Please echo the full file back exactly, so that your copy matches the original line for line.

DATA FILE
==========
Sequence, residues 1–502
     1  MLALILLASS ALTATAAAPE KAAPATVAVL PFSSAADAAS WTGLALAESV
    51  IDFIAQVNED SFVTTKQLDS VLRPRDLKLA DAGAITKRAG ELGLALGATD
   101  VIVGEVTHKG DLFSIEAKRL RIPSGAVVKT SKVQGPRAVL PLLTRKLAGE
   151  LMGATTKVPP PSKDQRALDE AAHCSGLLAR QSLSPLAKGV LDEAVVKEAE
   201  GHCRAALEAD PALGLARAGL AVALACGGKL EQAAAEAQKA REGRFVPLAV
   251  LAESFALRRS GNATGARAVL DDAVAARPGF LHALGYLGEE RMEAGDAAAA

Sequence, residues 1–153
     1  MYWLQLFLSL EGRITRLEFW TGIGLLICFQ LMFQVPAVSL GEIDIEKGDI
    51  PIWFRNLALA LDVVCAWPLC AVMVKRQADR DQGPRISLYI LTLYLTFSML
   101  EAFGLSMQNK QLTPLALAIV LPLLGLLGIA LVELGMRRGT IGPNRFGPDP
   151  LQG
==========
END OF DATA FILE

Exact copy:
Sequence, residues 1–502
     1  MLALILLASS ALTATAAAPE KAAPATVAVL PFSSAADAAS WTGLALAESV
    51  IDFIAQVNED SFVTTKQLDS VLRPRDLKLA DAGAITKRAG ELGLALGATD
   101  VIVGEVTHKG DLFSIEAKRL RIPSGAVVKT SKVQGPRAVL PLLTRKLAGE
   151  LMGATTKVPP PSKDQRALDE AAHCSGLLAR QSLSPLAKGV LDEAVVKEAE
   201  GHCRAALEAD PALGLARAGL AVALACGGKL EQAAAEAQKA REGRFVPLAV
   251  LAESFALRRS GNATGARAVL DDAVAARPGF LHALGYLGEE RMEAGDAAAA

Sequence, residues 1–153
     1  MYWLQLFLSL EGRITRLEFW TGIGLLICFQ LMFQVPAVSL GEIDIEKGDI
    51  PIWFRNLALA LDVVCAWPLC AVMVKRQADR DQGPRISLYI LTLYLTFSML
   101  EAFGLSMQNK QLTPLALAIV LPLLGLLGIA LVELGMRRGT IGPNRFGPDP
   151  LQG